Overall Mortality in Established LVAD Patients with COVID-19

At the end of follow up, nine (32%) LVAD patients who had COVID-19 expired. Five patients (18%) expired from complications of COVID-19 during their index hospitalization after a median of 5 days (range, 2–13 days). The other four patients (14%) died after a median duration of 80 days (range, 22–190 days) from time of COVID-19 diagnosis: two were found unresponsive at home, one from respiratory failure, and one as a result of multisystem organ failure. Of the 13 patients (46%) admitted to the ICU, 7 had expired at study endpoint. Age, male sex, blood group A, pre-existing lung disease, duration of LVAD support, inflammatory markers, and troponin were not associated with mortality in unadjusted regression analysis. Risk analysis did not show an association between patients that received systemic anticoagulation or Remdesevir and improved mortality outcome. Further analysis can be seen in Table 4.

Table 4. - Risk Factor Analysis for Mortality in LVAD Patients Who Developed COVID-19
Characteristics Alive (N = 19) Death (N = 9) Odd Ratio (CI) p
Age ≥60 years old, n (%) 13 (68) 6 (67) 0.92 (0.2–5.0) 0.92
Male, n (%) 15 (79) 7 (78) 1.07 (0.16–7.3) 0.94
BMI, median (IQR) (kg/m2) 27 (25–31) 29 (23–32) 1.01 (0.88–1.1) 0.83
A blood group, n (%) 7 (37) 2 (22) 0.49 (0.08–3.0) 0.44
Diabetes mellitus, n (%) 10 (52) 2 (22) 0.26 (0.04–1.6) 0.14
CKD stage ≥3, n (%) 8 (42) 4 (44) 1.1 (0.22–5.4) 0.91
Lung disease, n (%) 7 (37) 3 (33) 0.86 (0.16–4.5) 0.86
Smoking history, n (%) 7 (37) 5 (56) 2.1 (0.43–10.7) 0.35
Duration on LVAD support in days, median (IQR) 866 (330–1469) 777 (484–1,110) 1.0 (0.99–1.0) 0.52
ICU admission, n (%) 6 (32) 7 (78) 7.6 (1.2–48) 0.03
HFNC, NIPPV, or mechanical ventilation, n (%) 2 (11) 3 (33) 6.7 (1.1–40) 0.04
 Mechanical ventilation, n (%) 2 (11) 3 (33) 14 (1.3–159) 0.03
Vasopressor support, n (%) 0 2 (22) >0.99
Renal replacement therapy*, n (%) 0 2 (22) >0.99
Severe RV dysfunction, n (%) 3 (16) 1 (11) 0.7 (0.6 – 7.4) 0.74
Peak lactate dehydrogenase 381 (298–581) 568 (524–935) 1.0 (0.99–1.0) 0.06
Peak troponin I (ng/mL) 0.04 (0.02–0.04) 0.09 (0.04–0.12) 0.54
Peak D-dimer (mg/L) 2.21 (1.73–3.64) 6.5 (4.7–9.0) 1.07 (0.93–1.2) 0.33
Peak ferritin (ng/mL) 496 (333–1,079) 784 (316–2,819) 1.0 (1.0–1.0) 0.26
Peak CRP (mg/mL) 8.1 (2.6–14.0) 14 (4.7–16) 1.09 (0.96–1.2) 0.18
Remdesevir, n (%) 7 (37) 4 (44) 1.4 (0.27–6.8) 0.70
Systemic glucocorticosteroid, n (%) 3 (16) 6 (67) 10 (1.7–68) 0.01
Treatment dose anticoagulation, n (%) 9 (47) 5 (56) 1.4 (0.28–6.8) 0.69
Bold values: p < 0.05 considered statistically significant.
KD, chronic kidney disease; HFNC, high-flow nasal cannula; RV, right ventricular.

There was an association with ICU admission and mortality (unadjusted odds ratio 7.6 [CI, 1.2–48], P = 0.03), likely driven by the need for mechanical ventilation (unadjusted odds ratio 14 [CI, 1.3–159], P = 0.03). The use of systemic glucocorticosteroids was also associated with mortality (unadjusted odds ratio 10 [CI, 1.7–68], P = 0.01). Time from admission to initiation of glucocorticosteroids was a median of 2 days (IQR, 1–5 days).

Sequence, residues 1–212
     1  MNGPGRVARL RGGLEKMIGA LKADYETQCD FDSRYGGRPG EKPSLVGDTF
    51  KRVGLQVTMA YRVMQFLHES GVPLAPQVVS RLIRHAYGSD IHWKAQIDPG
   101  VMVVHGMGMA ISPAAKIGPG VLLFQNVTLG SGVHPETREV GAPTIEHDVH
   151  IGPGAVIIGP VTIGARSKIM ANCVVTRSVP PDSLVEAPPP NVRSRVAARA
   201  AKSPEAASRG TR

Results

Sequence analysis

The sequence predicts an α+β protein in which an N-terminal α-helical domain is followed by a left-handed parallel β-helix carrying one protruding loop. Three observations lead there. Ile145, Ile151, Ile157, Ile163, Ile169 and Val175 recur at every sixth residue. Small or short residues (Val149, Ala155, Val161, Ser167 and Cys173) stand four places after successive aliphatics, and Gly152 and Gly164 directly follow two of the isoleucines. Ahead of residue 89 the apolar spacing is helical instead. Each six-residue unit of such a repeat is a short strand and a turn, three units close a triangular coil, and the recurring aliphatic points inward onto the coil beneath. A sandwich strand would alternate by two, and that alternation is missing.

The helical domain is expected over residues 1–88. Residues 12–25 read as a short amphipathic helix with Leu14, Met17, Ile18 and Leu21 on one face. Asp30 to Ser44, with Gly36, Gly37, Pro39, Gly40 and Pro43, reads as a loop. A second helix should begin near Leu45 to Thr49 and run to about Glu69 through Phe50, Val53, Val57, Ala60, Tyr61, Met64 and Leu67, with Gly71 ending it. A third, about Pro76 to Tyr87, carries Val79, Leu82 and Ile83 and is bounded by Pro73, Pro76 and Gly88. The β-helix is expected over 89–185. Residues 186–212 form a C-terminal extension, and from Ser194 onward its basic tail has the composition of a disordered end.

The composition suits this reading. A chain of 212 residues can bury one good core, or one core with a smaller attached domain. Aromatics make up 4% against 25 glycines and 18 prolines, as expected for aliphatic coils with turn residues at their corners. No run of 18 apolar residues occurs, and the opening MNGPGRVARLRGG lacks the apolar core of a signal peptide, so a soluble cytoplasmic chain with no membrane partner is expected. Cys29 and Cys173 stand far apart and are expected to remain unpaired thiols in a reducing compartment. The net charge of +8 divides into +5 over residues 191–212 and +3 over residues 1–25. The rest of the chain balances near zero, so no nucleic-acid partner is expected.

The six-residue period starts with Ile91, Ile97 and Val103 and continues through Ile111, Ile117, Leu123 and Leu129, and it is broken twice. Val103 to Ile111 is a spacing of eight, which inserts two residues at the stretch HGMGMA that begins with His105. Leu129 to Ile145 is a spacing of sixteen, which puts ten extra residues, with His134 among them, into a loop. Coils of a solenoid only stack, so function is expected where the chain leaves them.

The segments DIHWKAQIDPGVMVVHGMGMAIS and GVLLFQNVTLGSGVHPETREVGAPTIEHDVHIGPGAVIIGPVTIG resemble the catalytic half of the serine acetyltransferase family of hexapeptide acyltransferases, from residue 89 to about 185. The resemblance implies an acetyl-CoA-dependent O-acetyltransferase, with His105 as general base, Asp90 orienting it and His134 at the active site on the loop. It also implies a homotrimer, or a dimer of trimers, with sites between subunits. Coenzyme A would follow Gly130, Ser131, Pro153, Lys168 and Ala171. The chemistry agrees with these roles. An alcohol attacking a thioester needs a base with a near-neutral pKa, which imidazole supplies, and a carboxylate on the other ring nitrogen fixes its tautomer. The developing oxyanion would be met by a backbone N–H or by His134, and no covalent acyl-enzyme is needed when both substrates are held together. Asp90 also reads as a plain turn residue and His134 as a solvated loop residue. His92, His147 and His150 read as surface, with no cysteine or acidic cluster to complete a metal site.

Characteristics and Outcomes Following LVAD Implantation in Patients with Prior COVID-19

From July 1, 2020, to January 27, 2021, we performed LVAD implantation in six patients who previously had COVID-19 (Figure 1, Table 5). The median time from COVID-19 diagnosis to LVAD surgery ranged from 7 days to 6 months (median 40 days; IQR, 12–114 days). Five patients had been hospitalized for their COVID-19 infection. Of these five patients, two received Remdesivir and one patient required supplemental oxygen with continuous positive airway pressure. No patients required mechanical ventilation as part of their COVID-19 treatment strategy. Three (50%) patients received their LVAD during their index hospitalization for COVID-19 infection. At the time of LVAD implant, all patients were supported with an intra-aortic balloon pump and high-dose inotropes. One patient (17%) had recently required mechanical ventilation secondary to cardiopulmonary arrest following a myocardial infarction. At the time of LVAD implantation, none of the patients were exhibiting signs or symptoms of active COVID-19, and no patients were on dialysis or an extracorporeal membrane oxygenator.

Table 5. - Characteristics of LVAD Implantation in Patients With a Prior COVID-19 infection
Characteristic Patient 1 Patient 2 Patient 3 Patient 4 Patient 5 Patient 6
 Age, years 56 64 59 47 61 61
 Sex M M M F M M
 BMI 37.2 31.6 30.0 31.0 19.4 21.9
 Race/Ethnicity Black White Black Black Hispanic Black
 Blood group O A O A O B
Medical characteristics
 Hypertension Yes Yes Yes Yes Yes Yes
 Diabetes mellitus Yes Yes No Yes No No
 Lung disease Yes No Yes No No Yes
 Smoking history No Yes No Yes Yes Yes
 Chronic kidney disease stage ≥3 No Yes Yes Yes Yes No
 Prior stroke Yes No No No No No
 INTERMACS profile 3 3 3 3 3 3
 LVAD device HM3 HM3 HM3 HM3 HM3 HM3
 LVAD intention (BTT or DT) DT DT DT DT DT DT
 Time from +SARS-CoV-2 PCR to LVAD, days 7 20 132 18 61 194
 Supplemental oxygen Yes No No No No Ukn
Post-LVAD outcomes
 Duration on LVAD support, days (IQR) 194 33 172 243 45 140
 Days from LVAD surgery to discharge 50 30 71 55 16 73
 Days from LVAD surgery to extubation 7 30 38 14 3 14
 Tracheostomy No Yes Yes No No No
 RVAD support Yes No No Yes No No
 CRRT Yes Yes Yes Yes No No
 Renal Recovery Yes Yes Yes Yes
 Stroke No Yes No Yes No Yes
 Pump thrombosis/malfunction No No No No No No